Solution Focused Brief Therapy in Educational Settings
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The paper reviews the literature to provide a description of solution focused brief therapy (SFBT), as well as an analysis of its relative strengths and limitations for school counseling practice. The paper concludes that the SFBT approach represents a valuable tool in any school counselors' repertoire, particularly since it can be used either as a stand-alone approach or in conjunction with other counseling methods. This paper contains a table.
Review and Analysis
Review and Analysis
From the Paper:"Some of the more salient strengths of SFBT relate to its cost effectiveness and ability to effect positive changes in students in a relatively short amount of time. In this regard, Jones and Charlton (1999) report that, "Solution-focused brief therapy is based on one simple idea which, however, is difficult to put into practice: listen to the child, find out what it is that the child wants and work with the child towards achieving it" (p. 70). Although this approach sounds straightforward and simple enough, young people are not "little adults" and they may not be as forthcoming as their adult counterparts in revealing what is troubling them; indeed, they may not even be consciously aware of the more operative factors that are adversely affecting their lives and academic performance. Although this is not an absolute prerequisite for the SFBT approach to succeed, there are some others that must be satisfied in order for this counseling technique to achieve meaningful change. As Jones and Charlton point out, "The prerequisite from the child must be a desire to change and the prerequisite from the teacher must be a willingness to look at all sorts of issues with the child. The teacher's goal is to help the child to learn, yet, in order to achieve this, issues may need to be covered that may seem to be wholly unrelated to work. Several meetings will probably be needed and could be as short as ten minutes or as long as an hour" (p. 70)."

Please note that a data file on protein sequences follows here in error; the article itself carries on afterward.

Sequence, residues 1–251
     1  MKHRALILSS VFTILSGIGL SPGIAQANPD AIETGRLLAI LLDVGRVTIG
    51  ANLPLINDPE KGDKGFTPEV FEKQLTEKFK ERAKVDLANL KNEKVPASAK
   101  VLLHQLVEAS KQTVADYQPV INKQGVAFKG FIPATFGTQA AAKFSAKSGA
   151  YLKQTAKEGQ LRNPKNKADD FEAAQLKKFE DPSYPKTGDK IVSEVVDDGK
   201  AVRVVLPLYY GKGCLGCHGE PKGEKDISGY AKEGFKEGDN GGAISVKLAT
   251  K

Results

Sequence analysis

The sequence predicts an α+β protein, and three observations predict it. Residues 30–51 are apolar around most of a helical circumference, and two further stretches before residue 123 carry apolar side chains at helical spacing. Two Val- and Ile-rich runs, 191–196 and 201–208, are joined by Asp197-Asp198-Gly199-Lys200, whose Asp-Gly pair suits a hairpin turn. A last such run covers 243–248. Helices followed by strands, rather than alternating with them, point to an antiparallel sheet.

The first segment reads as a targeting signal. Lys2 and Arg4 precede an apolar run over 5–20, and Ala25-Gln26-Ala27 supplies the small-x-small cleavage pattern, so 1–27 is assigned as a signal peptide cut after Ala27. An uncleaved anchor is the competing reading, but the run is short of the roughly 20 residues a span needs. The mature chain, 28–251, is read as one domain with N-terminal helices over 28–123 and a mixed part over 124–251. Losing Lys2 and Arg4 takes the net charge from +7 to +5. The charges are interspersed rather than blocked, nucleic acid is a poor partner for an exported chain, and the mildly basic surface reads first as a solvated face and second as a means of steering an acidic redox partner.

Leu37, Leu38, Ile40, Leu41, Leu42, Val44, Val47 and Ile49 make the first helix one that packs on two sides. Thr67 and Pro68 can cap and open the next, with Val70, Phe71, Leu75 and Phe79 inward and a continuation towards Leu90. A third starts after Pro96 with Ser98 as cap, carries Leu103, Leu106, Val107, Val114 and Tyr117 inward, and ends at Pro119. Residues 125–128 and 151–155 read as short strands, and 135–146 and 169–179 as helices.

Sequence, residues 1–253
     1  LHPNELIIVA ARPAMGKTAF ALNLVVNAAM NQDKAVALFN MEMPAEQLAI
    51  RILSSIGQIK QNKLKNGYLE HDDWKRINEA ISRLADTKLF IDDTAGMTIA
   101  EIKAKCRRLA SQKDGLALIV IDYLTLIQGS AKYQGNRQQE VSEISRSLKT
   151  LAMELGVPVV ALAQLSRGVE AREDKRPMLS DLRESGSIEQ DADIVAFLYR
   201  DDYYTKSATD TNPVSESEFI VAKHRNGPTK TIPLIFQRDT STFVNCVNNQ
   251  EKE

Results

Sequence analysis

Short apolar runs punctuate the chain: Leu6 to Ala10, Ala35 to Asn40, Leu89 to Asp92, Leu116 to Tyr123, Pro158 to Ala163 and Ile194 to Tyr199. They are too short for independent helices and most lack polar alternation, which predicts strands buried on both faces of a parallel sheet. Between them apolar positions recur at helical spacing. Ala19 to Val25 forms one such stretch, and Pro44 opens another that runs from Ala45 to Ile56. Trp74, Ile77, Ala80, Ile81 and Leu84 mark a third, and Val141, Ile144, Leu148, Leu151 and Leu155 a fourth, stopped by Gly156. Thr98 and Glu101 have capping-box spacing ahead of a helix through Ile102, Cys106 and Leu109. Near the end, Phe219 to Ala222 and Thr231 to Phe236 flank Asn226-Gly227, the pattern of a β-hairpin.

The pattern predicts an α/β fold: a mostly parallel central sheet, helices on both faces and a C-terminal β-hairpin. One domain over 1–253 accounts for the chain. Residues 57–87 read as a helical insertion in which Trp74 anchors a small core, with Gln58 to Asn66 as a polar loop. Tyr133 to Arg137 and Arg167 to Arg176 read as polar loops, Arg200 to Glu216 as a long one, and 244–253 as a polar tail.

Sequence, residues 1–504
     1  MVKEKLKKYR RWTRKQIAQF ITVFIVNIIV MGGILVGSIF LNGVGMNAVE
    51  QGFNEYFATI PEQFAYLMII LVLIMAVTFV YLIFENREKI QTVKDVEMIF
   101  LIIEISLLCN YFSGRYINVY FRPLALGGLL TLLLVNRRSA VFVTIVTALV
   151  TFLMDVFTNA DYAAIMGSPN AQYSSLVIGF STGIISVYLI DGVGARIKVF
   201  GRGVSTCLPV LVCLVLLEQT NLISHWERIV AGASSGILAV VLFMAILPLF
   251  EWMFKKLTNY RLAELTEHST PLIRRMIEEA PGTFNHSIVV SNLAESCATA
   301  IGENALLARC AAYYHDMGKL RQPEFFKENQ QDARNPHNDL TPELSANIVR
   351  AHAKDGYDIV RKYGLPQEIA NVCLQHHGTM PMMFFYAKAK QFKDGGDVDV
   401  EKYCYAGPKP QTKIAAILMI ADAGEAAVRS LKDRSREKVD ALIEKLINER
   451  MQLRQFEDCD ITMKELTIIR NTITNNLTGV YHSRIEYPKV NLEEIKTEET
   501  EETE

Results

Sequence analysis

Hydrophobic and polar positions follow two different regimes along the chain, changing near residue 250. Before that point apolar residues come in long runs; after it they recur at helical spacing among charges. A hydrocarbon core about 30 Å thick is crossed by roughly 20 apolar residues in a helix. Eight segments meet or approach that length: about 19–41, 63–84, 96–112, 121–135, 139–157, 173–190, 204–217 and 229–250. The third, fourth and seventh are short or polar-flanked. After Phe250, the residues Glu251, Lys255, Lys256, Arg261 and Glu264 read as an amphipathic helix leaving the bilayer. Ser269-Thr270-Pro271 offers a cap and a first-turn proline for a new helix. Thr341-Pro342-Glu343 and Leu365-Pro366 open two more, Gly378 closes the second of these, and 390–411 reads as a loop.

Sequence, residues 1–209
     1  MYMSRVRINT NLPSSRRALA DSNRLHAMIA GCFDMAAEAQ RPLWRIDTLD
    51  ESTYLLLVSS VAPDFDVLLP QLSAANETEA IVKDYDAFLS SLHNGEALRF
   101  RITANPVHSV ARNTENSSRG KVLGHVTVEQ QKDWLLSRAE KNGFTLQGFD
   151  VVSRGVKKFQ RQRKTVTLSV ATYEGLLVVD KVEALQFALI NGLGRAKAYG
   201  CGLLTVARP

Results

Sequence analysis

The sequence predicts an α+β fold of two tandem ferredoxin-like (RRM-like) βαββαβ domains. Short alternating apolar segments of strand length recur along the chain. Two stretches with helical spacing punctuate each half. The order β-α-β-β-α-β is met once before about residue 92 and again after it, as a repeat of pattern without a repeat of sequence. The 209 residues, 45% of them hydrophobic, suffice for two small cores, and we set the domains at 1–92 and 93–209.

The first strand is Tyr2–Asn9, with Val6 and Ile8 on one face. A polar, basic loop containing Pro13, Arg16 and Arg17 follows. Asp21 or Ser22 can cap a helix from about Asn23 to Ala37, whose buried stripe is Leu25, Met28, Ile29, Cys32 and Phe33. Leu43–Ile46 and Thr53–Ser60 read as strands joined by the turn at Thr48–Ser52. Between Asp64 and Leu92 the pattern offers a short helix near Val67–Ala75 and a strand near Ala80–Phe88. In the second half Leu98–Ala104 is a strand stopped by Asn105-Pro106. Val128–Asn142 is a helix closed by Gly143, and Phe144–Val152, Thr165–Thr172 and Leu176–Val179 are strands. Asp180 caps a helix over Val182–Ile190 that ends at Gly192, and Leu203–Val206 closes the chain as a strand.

Sample of Sources Used:
- de Shazer, S. (1979, Summer). Brief therapy with families. American Journal of Family Therapy, 7(2).
- de Shazer, S. (1986). An indirect approach to brief therapy (Family Therapy Collections, Vol. 19, pp 48-55, Aspen Systems). Milwaukee, WI: Brief Family Therapy Center.
- de Shazer, S. (1988). Clues: Investigating solutions in brief therapy. New York: W.W. Norton.
- Fernando, D. M. (2007). Existential theory and solution-focused strategies: Integration and application. Journal of Mental Health Counseling, 29(3), 226-227.
- Jones, K. & Charlton, T. (1999). Overcoming learning and behavior difficulties: Partnership with pupils. New York: Routledge.
Cite this Analytical Essay:
Solution Focused Brief Therapy in Educational Settings (2011, November 27) Retrieved January 18, 2020, from https://www.academon.com/analytical-essay/solution-focused-brief-therapy-in-educational-settings-149151/
"Solution Focused Brief Therapy in Educational Settings" 27 November 2011. Web. 18 January. 2020. <https://www.academon.com/analytical-essay/solution-focused-brief-therapy-in-educational-settings-149151/>